Among other things, we commiserated about how so many students seem to be struggling in math.
Even with the availability of math manipulatives in the classroom, even with engaging lessons taught on the Smart Board, many of the students seem already by Grade 2 to have major gaps in their mathematical understanding.
And it's not just an "ESL student population" problem. I thought of the Grade 5 student I tutored this past summer, and how surprised I had been at her apparent gaps, too. A native English speaker from an upper-middle class household, this child was an average-to-above-average reader, speaker and writer, but when it came to many mathematical concepts, she panicked, and had already developed a self image that included not being very "good" at math.
Math phobia seems to be at an all-time high, with students as young as Grade 3 proclaiming, “I’m no good at Math”. Or maybe I am just more in tune with this phenomenon because of my own focus on Math last school year. In any case, there seem to be a lot of missing pieces for a lot of students, and, as I become familiar with a wider variety of students’ individual situations, I am beginning to develop a better understanding for why that might be.
I used to think that a major problem with math instruction was that teachers themselves often don’t really understand the math they are supposed to be teaching according to the curriculum. (That certainly applies to me, though in recent years I am becoming more math proficient.)
Increasingly, however, I am beginning to wonder if...
Similarly, students who have had mathematical interactions at home before they arrive at school tend have a far better developed number sense, and are therefore more ready for number-related activities in early primary, which in turn enables them to build a solid foundation for math in the later years.
But, unlike reading to your baby and child, which are now generally accepted and expected things to do as a parent, mathematical conversations are still a rarity in most households.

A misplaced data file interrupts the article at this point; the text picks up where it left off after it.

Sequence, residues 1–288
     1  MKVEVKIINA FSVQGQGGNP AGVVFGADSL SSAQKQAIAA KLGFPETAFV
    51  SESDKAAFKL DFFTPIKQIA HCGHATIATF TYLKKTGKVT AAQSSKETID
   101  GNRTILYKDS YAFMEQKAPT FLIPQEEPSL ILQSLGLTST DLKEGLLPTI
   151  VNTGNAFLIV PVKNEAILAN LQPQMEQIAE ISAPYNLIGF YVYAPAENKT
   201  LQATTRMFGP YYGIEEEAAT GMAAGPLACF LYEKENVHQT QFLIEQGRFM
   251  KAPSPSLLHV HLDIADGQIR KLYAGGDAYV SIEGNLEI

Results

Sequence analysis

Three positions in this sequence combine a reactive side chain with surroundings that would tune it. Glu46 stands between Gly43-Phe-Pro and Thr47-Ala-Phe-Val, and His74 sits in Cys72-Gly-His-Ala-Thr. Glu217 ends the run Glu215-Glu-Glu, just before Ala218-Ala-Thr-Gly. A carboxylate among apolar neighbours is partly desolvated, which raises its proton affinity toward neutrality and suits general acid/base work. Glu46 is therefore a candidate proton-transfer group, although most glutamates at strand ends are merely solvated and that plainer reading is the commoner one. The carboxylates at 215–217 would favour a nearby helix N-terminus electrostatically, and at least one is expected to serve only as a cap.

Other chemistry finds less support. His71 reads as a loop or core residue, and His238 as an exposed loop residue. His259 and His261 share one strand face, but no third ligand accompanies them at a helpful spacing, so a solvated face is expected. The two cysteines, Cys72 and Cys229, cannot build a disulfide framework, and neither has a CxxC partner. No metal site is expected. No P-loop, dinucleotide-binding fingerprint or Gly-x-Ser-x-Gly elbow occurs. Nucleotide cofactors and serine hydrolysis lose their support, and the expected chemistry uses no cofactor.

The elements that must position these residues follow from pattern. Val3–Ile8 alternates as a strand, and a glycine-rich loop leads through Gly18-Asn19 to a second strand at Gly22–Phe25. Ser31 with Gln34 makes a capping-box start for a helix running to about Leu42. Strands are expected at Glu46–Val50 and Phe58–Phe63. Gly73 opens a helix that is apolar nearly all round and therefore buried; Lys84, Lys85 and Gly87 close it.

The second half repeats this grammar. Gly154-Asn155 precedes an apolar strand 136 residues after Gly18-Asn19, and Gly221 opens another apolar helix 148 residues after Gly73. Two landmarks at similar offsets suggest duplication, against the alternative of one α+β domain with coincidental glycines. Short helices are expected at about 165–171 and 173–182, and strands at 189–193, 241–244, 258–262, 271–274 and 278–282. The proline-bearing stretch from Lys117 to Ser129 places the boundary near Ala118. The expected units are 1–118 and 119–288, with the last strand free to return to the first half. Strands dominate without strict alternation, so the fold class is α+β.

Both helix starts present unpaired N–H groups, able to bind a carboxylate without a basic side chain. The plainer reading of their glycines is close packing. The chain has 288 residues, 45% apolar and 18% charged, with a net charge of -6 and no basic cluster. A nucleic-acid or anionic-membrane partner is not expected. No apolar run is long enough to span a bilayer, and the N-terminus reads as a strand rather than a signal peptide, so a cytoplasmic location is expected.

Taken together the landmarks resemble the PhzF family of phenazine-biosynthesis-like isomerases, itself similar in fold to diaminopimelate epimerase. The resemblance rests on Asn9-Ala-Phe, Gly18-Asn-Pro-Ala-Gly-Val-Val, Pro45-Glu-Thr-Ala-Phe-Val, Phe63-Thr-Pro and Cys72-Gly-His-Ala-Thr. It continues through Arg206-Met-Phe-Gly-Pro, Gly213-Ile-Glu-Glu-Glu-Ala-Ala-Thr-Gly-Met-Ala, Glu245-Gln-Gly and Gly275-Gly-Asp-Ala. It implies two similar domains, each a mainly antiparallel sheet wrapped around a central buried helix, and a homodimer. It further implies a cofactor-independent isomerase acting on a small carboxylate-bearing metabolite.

Case in point: How many toddlers are exposed to a parent who counts aloud with them at the grocery store: “Now we need three potatoes, let’s count them out: 1-2-3, next we need a dozen apples, let’s get 10 red and two green ones, that makes 12”, and so on.
Or, how many parents take time to count the steps each time they climb them with their preschooler? How many “mathematical think alouds” (“Hmmm…. I have 3 forks here, but we have 5 people coming to dinner. That means we need 2 more forks.”) do most children hear by the time they enter school?
How many parents have access to a hundreds chart at home, and know how to use it to help their children with their math homework?
I suspect the answer to all of these questions is a resounding “not many”.
It does not surprise us that students who come from households where literacy is not a focus struggle with reading and writing, so how can we expect children to come to school ready to learn about math when they have never had the luxury of a mathematical conversation with someone at home in the preceding four years?!
Then, to make matters worse, they arrive in school, largely unprepared for the rigorous math curriculum, and we just jam the latter down their gullets anyway, regardless of what they actually need! It’s true that there is a lot of pressure -- largely due to the current, unwieldy reporting system -- to crank through the curriculum at breakneck speed… but it is not conducive to helping children learn math, in my opinion.
If we could only find a way to get parents on board counting things and noticing patterns with their children long before they arrive in school, and then convince ourselves that it’s okay to teach students rather than curriculum… we might be able to impact positive change.
(In the meantime, we need to deal with our own math phobia if we have it, and take some math courses!!)